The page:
“DailyPay is used to complement and connect in really unique and different ways,” Walden said.
One example she noted: “As gas prices soared, many people who, again, normally had enough money, ran out of gas to physically get to work… They had no way to get to work if they didn’t use DailyPay to get gas for their car for the next two days to get them through to payday until their check pay arrives.
According to the Consumer Financial Protection Bureau, “Before the COVID-19 pandemic, consumers consistently paid more late fees on their credit cards each year, peaking at more than $14 billion in 2019. late fees assessed by issuers have declined to approximately $12 billion. in 2020 given record payout rates and public and private relief efforts. Even during the pandemic, late fees accounted for more than a tenth of the $120 billion consumers pay each year in interest and credit card fees. In 2021, late fees have increased again.
In March, a coalition of 19 lawyers urged the Consumer Financial Protection Bureau to ensure that lenders who buy now and pay later do not engage in practices that trap consumers in a cycle of debt. . , “rapid and exponential growth” during the COVID-19 pandemic.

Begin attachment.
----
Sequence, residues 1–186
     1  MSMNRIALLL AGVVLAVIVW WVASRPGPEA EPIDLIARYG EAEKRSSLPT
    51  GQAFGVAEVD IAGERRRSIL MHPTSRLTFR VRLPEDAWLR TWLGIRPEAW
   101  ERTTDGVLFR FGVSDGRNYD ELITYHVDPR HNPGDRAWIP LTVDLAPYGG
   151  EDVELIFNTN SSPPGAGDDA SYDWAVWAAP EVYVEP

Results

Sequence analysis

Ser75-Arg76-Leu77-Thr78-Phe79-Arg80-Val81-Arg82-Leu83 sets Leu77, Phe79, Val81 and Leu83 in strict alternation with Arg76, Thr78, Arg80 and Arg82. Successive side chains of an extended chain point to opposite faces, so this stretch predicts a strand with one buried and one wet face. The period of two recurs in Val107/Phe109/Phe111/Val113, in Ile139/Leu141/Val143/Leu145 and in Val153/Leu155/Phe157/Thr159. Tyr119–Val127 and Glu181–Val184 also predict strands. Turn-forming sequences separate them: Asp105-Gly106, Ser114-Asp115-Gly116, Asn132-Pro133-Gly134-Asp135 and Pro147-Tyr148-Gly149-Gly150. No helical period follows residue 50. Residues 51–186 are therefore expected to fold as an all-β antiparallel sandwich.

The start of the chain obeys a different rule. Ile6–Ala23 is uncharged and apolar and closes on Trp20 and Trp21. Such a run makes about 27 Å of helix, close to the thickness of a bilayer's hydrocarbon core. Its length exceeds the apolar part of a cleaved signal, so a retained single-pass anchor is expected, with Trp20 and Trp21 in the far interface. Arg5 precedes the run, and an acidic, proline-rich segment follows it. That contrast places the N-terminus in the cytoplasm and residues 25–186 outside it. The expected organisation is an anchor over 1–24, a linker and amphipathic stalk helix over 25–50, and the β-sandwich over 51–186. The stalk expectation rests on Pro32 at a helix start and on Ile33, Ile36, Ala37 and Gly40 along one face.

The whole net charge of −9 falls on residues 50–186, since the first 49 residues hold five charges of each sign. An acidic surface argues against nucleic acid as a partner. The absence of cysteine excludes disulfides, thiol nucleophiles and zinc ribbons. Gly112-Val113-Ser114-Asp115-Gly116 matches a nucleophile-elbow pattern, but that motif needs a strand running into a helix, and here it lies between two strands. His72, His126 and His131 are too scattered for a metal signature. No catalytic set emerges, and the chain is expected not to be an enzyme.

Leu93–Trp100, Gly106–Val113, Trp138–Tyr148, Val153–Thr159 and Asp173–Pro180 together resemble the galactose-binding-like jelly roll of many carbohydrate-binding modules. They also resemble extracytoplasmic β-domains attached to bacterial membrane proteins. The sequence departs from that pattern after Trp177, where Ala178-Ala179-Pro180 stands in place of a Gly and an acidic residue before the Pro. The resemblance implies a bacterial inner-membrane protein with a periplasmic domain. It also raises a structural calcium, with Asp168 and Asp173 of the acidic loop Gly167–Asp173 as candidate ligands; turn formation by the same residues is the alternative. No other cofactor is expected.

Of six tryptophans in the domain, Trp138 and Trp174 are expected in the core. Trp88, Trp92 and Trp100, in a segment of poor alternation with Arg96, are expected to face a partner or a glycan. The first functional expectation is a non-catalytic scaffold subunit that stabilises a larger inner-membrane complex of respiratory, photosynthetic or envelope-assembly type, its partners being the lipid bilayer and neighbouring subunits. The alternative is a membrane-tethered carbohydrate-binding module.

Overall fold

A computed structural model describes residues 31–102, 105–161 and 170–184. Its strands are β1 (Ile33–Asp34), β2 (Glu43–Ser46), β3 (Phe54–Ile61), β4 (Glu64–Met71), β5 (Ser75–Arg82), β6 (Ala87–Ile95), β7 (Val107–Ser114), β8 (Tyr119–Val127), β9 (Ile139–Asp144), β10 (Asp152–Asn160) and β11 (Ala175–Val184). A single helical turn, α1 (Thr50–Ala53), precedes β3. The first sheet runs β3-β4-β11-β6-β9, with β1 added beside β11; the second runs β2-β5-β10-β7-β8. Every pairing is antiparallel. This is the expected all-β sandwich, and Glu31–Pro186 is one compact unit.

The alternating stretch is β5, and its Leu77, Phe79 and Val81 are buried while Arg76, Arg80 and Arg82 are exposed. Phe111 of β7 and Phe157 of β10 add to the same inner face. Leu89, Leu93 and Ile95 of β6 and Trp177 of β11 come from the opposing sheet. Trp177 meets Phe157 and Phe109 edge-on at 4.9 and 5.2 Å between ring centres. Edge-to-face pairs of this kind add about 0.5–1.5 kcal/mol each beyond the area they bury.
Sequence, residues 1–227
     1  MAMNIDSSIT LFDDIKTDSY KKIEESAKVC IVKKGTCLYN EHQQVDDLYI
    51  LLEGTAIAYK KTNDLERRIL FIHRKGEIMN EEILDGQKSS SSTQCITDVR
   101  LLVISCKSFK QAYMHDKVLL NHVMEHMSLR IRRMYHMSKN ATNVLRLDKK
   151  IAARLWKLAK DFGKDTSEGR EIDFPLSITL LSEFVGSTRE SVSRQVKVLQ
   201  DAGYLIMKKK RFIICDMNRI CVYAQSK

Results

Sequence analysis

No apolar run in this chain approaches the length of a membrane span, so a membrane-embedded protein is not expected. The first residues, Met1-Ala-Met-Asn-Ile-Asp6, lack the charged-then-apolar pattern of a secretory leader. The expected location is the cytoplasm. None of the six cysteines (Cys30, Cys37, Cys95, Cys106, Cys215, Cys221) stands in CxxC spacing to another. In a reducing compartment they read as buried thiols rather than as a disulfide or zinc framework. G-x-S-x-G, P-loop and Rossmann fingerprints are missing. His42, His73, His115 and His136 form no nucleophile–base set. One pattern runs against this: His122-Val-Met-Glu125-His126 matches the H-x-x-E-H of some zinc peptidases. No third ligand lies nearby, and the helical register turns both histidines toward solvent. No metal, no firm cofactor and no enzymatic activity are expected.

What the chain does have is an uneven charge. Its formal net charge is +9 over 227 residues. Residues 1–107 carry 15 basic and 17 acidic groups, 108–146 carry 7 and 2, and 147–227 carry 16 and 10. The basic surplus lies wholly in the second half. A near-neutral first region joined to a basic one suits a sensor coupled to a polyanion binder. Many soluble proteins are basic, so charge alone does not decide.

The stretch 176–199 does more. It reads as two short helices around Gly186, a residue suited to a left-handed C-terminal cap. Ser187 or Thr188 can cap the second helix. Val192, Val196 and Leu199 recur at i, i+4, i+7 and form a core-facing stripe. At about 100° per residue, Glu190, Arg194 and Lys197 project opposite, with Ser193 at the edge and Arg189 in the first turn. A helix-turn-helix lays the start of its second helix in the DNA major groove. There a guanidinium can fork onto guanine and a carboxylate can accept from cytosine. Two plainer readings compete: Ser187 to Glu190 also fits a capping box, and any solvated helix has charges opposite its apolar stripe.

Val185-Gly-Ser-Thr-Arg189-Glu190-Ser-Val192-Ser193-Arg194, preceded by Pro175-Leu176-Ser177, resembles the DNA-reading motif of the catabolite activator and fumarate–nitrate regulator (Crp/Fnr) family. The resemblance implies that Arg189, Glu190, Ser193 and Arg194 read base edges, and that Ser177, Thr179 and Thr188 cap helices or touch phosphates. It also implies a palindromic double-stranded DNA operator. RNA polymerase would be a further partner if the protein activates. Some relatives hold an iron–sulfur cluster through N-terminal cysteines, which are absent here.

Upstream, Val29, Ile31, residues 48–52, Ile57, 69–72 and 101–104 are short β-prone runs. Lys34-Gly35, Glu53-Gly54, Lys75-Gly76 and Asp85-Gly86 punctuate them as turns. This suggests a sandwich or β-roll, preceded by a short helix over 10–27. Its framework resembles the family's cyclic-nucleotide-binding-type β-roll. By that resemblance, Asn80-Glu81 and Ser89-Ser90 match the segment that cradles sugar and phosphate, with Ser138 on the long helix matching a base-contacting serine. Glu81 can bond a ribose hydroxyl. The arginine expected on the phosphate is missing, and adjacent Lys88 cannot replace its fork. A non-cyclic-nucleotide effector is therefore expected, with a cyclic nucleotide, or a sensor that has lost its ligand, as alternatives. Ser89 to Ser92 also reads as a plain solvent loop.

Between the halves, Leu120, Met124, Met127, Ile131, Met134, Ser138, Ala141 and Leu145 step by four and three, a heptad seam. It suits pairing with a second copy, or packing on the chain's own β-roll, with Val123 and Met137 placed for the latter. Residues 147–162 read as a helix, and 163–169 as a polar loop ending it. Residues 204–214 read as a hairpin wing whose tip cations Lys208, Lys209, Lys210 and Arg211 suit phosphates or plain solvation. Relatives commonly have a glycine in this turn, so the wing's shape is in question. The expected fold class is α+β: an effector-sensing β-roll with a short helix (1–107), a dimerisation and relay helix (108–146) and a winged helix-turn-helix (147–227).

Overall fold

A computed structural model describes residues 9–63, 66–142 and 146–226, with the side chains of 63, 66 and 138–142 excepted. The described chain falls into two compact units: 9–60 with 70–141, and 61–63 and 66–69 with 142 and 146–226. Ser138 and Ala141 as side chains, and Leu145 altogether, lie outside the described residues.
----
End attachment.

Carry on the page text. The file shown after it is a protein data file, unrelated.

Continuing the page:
DailyPay says 88% of users credit the app with reducing or eliminating their use of payday loans, and an average of $292 is saved each year among people who incur overdraft fees, according to a report by partnership.
Urman said the same-day pay benefit provides peace of mind and a good safety net.
“I know if your car breaks down or an unexpected bill comes in, or even a vacation, that sort of thing, it’s really good for people to be able to do something right away without adding credit card debt or borrow money like payday loans where they get hit with a lot of interest,” Urman said. “It can be huge. So even though for me it might not be a weekly need or monthly, it’s good to know that if something happens, you have some sort of backup system where you don’t have to put yourself in an extra bad position.